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The Bugatti Queen: In search of a Motor-Racing Legend [Hardcover]

Miranda Seymour
4.6 out of 5 stars  See all reviews (5 customer reviews)

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Book Description

2 Feb 2004
Born in 1900 to a soon-to-be-widowed postmaster's wife in a small French village, Helene Delangle's background offered no suggestion of the extraordinary life she was to lead. The first step was to leave the country behind and head to the city -- in this case, a Paris in the grip of an intoxicating 1920s blend of creativity and debauchery. She became a dancer, and then a stripper. But the demi-monde of gauze veils and admirers was not enough. A visit to the Actors' Championships, a uniquely French meeting of the theatrical world with the race-track, opened her eyes to the glamorous combination of machines and speed. Quickly establishing herself as a racer of uncommon talent and audacity, the beautiful woman now known as Helle Nice -- Hellish Nice to her British fans -- then caught the attention of none other than Ettore Bugatti, founder of the marque with which her name will always be associated. And yet, despite the fame and the fortune she amassed in an unprecedented career, she died penniless and alone, an old woman in a crumbling Nice flat surrounded only by memories. THE BUGATTI QUEEN is the story of a great pioneer of motor racing who happened to be a woman. Re-creating her rollercoaster career with great verve and panache, Miranda Seymour brilliantly shows us a life now forgotten -- and makes it unforgettable.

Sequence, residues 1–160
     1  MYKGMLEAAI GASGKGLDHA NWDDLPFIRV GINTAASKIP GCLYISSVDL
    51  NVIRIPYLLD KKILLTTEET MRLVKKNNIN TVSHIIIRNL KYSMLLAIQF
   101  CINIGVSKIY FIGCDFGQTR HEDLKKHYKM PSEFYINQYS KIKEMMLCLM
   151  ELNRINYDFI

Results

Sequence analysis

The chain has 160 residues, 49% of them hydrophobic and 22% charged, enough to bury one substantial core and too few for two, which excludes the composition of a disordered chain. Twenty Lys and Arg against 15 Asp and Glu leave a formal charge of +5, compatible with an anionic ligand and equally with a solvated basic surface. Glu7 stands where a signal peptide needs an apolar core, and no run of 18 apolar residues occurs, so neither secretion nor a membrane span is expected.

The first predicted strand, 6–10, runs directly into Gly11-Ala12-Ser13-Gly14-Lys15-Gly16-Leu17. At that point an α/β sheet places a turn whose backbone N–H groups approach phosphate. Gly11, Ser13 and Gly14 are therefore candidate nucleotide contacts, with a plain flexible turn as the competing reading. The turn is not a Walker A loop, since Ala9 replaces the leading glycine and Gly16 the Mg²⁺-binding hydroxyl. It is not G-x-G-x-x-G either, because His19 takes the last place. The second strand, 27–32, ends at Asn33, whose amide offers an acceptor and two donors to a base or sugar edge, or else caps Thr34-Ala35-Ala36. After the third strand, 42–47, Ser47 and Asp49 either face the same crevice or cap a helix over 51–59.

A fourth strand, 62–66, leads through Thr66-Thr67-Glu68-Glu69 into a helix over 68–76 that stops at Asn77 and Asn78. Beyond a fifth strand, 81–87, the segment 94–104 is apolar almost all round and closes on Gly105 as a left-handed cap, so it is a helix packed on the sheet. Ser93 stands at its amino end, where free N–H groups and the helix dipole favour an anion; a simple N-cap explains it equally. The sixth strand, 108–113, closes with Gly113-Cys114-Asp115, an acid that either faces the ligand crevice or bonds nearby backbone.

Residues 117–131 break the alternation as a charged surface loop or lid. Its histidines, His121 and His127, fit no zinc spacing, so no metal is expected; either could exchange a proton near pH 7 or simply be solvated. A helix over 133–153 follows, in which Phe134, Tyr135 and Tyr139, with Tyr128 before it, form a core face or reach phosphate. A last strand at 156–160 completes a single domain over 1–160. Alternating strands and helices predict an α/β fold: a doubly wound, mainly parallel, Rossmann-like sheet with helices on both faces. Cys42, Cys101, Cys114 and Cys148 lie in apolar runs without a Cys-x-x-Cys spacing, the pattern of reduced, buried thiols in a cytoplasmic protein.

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Product details

  • Hardcover: 320 pages
  • Publisher: Simon & Schuster Ltd; First Edition edition (2 Feb 2004)
  • Language: English
  • ISBN-10: 0743231465
  • ISBN-13: 978-0743231466
  • Product Dimensions: 21.6 x 14.2 x 3.2 cm
  • Average Customer Review: 4.6 out of 5 stars  See all reviews (5 customer reviews)
  • Amazon Bestsellers Rank: 39,241 in Books (See Top 100 in Books)

Product Description


'Seymour writes with an elegance and verve her subject would have appreciated . . . [An] inspiring rediscovery' -- Spectator

'Seymour’s descriptions of [the races] are spine-tingling . . . [She] excels in conveying the wider social-historical context' -- Sunday Times

'Sometimes it seems that fame looks after its own, but here is a very well-told tale that shows us otherwise' -- Sunday Telegraph

'Will have you riveted to your seat . . . Enthralling reading' -- Literary Review

About the Author

Miranda Seymour is the acclaimed author of the innovative and widely admired A RING OF CONSPIRATORS, a study of Henry James and his circle, and OTTOLINE MORRELL: LIFE ON THE GRAND SCALE, twelve times selected for Book of the Year in 1992. She also writes novels and children's books, and is currently researching the biography of Helle Nice, the pioneer woman racing driver, to be published by Scribner in 2004.